This has been the year of the red-carpet emerald – especially big teardrop-shaped rocks dangling from the ears. Awards shows haven’t seen so much green bling since Liz Taylor reigned supreme.
Few stones embody the idea of sensual luxury like the emerald. Emerald’s earliest champion was Cleopatra, whose mines produced many famous jewels.
Emerald is actually the rare green form of beryl, long believed to be the most powerful curative in the gem kingdom, for heart and spirit as well as body. In ancient Rome, emeralds were dedicated to Venus and believed to bestow faithfulness and undying love.
After the Spaniards invaded the Americas in the 16th century, Colombian emeralds became known as the finest in the world. Egyptian emeralds pale beside Colombian ones, which were traded throughout Central and South America for three centuries before the conquistadors stumbled onto them. Spain took over those mines and the luscious stones soon found their way to European and Indian nobility.
You’ll find an impressive example of this era of emerald history at the Smithsonian Institution: the Spanish Inquisition necklace sports some of the finest emeralds from the original Muzo and Chivor mines in Colombia, cut in India in the 17th century. After making its way through the Spanish and French royalty, the necklace was bought by Harry Winston from the Maharaja’s son in 1947. Katherine Hepburn wore it to the Oscars that year. Elizabeth Taylor also has some of the world’s most spectacular emerald jewels, mostly given her by Richard Burton and designed by Bulgari.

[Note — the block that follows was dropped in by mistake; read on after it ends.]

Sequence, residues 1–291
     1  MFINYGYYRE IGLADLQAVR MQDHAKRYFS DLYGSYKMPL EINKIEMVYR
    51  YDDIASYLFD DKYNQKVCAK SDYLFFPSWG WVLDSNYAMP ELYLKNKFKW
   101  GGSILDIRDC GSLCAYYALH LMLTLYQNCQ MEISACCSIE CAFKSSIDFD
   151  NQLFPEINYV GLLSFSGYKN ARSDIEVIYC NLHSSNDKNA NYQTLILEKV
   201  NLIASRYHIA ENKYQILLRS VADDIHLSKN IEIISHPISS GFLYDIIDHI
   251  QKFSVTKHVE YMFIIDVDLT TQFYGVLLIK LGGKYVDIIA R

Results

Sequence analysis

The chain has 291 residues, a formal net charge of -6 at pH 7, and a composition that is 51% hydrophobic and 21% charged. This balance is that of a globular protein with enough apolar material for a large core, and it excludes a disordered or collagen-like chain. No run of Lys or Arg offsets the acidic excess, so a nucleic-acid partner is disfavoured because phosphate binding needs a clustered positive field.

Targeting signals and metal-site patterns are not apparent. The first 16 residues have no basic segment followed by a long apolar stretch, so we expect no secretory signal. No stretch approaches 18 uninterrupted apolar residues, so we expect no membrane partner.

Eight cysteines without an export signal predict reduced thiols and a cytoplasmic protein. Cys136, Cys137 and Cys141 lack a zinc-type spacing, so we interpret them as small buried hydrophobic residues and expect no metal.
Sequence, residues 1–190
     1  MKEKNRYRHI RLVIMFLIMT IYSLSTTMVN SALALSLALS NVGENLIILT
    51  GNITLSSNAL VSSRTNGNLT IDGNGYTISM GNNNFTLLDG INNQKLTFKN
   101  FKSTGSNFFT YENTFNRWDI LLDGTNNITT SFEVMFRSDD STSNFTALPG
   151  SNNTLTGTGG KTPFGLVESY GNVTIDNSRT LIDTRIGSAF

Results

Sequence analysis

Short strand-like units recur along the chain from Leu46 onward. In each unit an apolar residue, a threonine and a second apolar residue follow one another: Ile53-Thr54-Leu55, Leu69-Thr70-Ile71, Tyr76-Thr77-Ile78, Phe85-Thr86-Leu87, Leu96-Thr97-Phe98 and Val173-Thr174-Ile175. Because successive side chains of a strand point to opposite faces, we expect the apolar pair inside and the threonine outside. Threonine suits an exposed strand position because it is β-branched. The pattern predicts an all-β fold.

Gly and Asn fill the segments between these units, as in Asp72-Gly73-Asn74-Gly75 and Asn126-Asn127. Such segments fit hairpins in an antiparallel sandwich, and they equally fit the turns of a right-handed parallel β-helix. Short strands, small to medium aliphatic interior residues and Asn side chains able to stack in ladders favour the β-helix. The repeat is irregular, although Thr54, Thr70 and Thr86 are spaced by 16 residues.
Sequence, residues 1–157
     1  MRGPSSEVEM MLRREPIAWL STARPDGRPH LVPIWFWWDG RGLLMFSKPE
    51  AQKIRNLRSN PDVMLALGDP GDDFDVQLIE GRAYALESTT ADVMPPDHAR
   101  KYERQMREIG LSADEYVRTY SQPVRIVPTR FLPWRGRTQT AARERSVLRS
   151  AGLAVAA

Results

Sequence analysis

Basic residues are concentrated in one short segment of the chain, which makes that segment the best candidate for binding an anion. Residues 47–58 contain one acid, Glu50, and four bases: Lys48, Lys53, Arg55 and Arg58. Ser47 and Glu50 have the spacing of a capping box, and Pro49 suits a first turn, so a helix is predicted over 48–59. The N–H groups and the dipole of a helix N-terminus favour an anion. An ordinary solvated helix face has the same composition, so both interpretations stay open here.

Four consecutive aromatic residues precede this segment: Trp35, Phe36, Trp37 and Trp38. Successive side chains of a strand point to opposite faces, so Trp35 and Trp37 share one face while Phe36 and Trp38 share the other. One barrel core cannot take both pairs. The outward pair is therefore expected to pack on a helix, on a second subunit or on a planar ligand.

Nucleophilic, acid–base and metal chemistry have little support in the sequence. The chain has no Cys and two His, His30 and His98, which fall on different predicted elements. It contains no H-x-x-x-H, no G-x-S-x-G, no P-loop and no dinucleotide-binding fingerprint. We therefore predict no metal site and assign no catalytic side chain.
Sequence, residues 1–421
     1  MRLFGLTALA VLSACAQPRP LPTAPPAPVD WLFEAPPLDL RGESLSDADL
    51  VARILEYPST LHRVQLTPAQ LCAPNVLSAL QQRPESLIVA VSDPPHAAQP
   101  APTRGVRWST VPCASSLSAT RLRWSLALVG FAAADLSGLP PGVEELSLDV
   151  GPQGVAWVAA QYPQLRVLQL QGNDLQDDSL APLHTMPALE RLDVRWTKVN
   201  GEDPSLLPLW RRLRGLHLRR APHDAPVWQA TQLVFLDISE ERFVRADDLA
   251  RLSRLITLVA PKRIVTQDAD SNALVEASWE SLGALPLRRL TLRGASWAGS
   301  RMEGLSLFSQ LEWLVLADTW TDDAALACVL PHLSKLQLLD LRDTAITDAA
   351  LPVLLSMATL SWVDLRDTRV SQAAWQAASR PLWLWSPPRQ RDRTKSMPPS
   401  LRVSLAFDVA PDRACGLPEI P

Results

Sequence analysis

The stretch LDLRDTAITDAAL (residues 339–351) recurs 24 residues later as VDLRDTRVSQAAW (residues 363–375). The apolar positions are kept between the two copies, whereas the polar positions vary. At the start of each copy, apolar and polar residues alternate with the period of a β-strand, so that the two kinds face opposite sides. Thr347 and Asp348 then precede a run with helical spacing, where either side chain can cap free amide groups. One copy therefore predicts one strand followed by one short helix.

Amazingly, even after centuries of active mining, Colombia remains the world’s most important source of emeralds. About 100 emerald mines remain in operation there and continue to produce sizable, vivid green gems. A surprising new source of emeralds was discovered in North Carolina a few years ago. Only a few pockets have been found so far but they’ve yielded stones as fine as most Brazilian emeralds—and just as expensive.
Formed in volatile geological conditions, emeralds are usually full of tiny stress fractures. Emerald is actually quite hard but its flaws make it brittle and easy to crack. In fact, flawless emeralds are so rare they are usually assumed to be fake; inclusions have come to be prized as evidence of the genuine article. It’s common practice to “oil” emeralds in order to enhance the color and disguise flaws.
Be careful with emeralds in cold climates and avoid storing them in-ground safes. Low temperatures can cause thermo-shock to opals and emeralds.